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Critical Care

, 8:R422

First Online: 14 October 2004Received: 28 April 2004Revised: 19 August 2004Accepted: 02 September 2004

Abstract

IntroductionDeferred or inappropriate antibiotic treatment in ventilator-associated pneumonia VAP is associated with increased mortality, and clinical and radiological criteria are frequently employed to establish an early diagnosis. Culture results are used to confirm the clinical diagnosis and to adjust or sometimes withdraw antibiotic treatment. Tracheal aspirates have been shown to be useful for these purposes. Nonetheless, little is known about the usefulness of quantitative findings in tracheal secretions for diagnosing VAP.

MethodsTo determine the value of quantification of bacterial colonies in tracheal aspirates for diagnosing VAP, we conducted a prospective follow-up study of 106 intensive care unit patients who were under ventilatory support. In total, the findings from 219 sequential weekly evaluations for VAP were examined. Clinical and radiological parameters were recorded and evaluated by three independent experts; a diagnosis of VAP required the agreement of at least two of the three experts. At the same time, cultures of tracheal aspirates were analyzed qualitatively and quantitatively 10 colony-forming units cfu-ml and 10 cfu-ml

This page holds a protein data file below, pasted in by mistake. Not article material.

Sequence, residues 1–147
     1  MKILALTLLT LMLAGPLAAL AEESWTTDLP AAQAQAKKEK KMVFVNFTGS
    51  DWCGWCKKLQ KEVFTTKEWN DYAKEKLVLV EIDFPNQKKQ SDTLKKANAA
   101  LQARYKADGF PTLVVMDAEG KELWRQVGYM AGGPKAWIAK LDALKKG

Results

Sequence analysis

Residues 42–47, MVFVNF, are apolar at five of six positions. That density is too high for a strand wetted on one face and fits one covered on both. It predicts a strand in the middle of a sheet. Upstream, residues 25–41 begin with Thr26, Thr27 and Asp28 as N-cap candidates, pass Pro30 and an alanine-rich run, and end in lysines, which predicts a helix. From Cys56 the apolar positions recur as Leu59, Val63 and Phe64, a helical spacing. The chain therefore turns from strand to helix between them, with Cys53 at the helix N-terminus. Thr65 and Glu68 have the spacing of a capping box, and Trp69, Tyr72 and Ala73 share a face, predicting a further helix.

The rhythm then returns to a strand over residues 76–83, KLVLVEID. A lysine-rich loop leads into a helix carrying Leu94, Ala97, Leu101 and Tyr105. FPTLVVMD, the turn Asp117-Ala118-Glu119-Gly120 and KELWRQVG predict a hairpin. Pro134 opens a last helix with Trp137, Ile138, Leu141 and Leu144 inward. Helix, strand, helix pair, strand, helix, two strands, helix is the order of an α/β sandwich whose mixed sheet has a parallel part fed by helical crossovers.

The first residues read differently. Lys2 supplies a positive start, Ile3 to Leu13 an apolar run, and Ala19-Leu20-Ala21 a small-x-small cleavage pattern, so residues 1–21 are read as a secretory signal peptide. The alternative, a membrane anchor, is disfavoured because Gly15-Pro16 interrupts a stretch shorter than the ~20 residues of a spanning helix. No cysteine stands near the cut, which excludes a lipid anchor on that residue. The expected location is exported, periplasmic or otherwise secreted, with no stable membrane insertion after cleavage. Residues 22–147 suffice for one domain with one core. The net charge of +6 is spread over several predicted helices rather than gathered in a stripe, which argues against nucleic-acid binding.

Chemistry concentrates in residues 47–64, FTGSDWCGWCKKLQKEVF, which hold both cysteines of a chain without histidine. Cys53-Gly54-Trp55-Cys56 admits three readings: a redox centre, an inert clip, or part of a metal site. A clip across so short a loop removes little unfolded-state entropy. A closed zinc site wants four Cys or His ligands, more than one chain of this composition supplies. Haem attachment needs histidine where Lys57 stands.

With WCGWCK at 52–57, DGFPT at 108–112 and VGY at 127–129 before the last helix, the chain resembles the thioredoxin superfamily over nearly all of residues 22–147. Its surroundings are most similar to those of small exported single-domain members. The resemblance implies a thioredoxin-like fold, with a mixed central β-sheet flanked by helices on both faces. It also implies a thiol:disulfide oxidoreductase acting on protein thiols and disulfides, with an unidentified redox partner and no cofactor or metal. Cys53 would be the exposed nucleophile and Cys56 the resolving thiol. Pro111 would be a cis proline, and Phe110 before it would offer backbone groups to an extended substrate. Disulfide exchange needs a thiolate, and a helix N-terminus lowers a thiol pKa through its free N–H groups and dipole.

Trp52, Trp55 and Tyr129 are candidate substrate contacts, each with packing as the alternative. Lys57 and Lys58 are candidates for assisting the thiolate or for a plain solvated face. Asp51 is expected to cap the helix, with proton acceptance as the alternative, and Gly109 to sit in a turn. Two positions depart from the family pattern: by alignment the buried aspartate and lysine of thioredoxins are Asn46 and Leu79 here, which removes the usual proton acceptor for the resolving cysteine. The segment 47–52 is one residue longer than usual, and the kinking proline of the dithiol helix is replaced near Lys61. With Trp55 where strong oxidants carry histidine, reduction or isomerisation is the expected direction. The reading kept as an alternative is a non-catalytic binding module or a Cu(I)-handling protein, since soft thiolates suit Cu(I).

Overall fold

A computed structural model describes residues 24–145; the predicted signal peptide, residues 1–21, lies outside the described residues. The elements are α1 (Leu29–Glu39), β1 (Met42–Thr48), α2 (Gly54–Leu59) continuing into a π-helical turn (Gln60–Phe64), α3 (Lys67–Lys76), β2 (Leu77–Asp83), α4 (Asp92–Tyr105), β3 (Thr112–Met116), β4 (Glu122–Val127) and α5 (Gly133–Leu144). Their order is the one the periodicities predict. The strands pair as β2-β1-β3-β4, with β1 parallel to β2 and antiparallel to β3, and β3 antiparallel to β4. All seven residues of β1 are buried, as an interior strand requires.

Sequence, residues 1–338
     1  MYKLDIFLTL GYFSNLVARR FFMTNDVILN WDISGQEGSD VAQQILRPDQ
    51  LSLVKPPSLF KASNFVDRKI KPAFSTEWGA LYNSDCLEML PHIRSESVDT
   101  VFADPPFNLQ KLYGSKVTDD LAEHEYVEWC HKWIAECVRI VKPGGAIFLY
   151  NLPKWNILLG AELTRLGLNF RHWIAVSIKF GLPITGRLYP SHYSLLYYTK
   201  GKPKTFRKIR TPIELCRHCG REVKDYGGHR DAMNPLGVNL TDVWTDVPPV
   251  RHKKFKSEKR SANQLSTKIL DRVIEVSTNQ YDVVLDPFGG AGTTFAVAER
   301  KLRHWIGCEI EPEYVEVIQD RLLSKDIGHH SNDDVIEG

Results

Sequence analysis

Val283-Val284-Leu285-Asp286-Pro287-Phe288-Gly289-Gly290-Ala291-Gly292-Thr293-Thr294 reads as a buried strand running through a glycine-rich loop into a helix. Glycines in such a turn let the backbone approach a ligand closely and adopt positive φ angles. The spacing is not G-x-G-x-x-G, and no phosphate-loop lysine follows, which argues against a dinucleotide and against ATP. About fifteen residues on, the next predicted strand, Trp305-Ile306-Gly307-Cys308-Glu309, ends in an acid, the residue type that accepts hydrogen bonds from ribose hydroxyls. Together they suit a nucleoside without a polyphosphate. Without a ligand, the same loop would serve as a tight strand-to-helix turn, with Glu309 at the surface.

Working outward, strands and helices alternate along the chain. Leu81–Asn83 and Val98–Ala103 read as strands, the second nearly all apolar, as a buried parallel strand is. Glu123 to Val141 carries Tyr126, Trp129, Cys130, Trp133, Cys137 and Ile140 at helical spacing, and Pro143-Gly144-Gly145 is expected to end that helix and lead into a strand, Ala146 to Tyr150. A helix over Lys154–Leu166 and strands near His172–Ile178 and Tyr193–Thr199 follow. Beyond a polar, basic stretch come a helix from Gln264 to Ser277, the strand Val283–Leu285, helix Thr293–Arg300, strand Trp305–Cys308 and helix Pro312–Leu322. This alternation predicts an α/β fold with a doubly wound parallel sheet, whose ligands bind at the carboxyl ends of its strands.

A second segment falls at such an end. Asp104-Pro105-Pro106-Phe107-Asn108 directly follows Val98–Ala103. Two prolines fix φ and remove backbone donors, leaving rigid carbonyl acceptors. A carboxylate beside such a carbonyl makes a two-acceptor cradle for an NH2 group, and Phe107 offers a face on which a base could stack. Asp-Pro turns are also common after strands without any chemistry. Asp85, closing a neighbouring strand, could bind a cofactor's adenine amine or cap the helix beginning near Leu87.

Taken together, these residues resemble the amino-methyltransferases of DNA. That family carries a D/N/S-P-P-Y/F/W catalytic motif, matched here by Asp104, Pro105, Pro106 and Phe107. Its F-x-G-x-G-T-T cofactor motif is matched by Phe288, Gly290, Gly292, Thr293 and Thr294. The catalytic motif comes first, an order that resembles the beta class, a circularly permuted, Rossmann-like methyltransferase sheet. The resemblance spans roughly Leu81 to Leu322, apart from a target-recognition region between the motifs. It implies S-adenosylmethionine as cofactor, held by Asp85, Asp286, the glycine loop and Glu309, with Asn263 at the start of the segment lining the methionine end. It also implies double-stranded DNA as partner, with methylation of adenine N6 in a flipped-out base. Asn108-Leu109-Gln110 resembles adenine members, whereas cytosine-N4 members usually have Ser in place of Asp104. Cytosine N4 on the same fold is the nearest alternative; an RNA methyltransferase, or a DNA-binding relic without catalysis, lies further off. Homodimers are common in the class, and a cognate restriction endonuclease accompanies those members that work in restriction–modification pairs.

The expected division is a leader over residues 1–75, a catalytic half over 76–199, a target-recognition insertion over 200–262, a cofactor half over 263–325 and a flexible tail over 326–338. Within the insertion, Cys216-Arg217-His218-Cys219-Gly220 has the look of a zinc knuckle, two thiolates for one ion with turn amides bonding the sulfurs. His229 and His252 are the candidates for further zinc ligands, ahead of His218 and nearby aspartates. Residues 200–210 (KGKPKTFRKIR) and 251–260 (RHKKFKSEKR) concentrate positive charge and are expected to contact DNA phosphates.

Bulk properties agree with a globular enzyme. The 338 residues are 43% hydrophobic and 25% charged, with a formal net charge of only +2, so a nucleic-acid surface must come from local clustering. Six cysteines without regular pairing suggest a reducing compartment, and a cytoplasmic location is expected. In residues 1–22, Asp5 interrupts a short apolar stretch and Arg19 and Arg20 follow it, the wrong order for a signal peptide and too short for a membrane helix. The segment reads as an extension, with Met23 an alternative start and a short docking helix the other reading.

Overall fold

ResultsQuantitative cultures of tracheal aspirates 10 cfu-ml and 10 cfu-ml exhibited increased specificity 48% and 78%, respectively over qualitative cultures 23%, but decreased sensitivity 26% and 65%, respectively as compared with the qualitative findings 81%. Quantification did not improve the ability to predict a diagnosis of VAP.

ConclusionQuantitative cultures of tracheal aspirates in selected critically ill patients have decreased sensitivity when compared with qualitative results, and they should not replace the latter to confirm a clinical diagnosis of VAP or to adjust antimicrobial therapy.

Keywordsbacterial pneumonia qualitative evaluation quantitative evaluation tracheal aspirates ventilator-associated pneumonia AbbreviationsBALbronchoalveolar lavage

cfucolony-forming unit

ICUintensive care unit

PSBprotected specimen brush

VAPventilator-associated pneumonia.

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Autor: Luis FernandoAranha Camargo - Fernando Vinícius De Marco - Carmen SílviaValente Barbas - Cristiane Hoelz - Marco Auréli

Fuente: https://link.springer.com/







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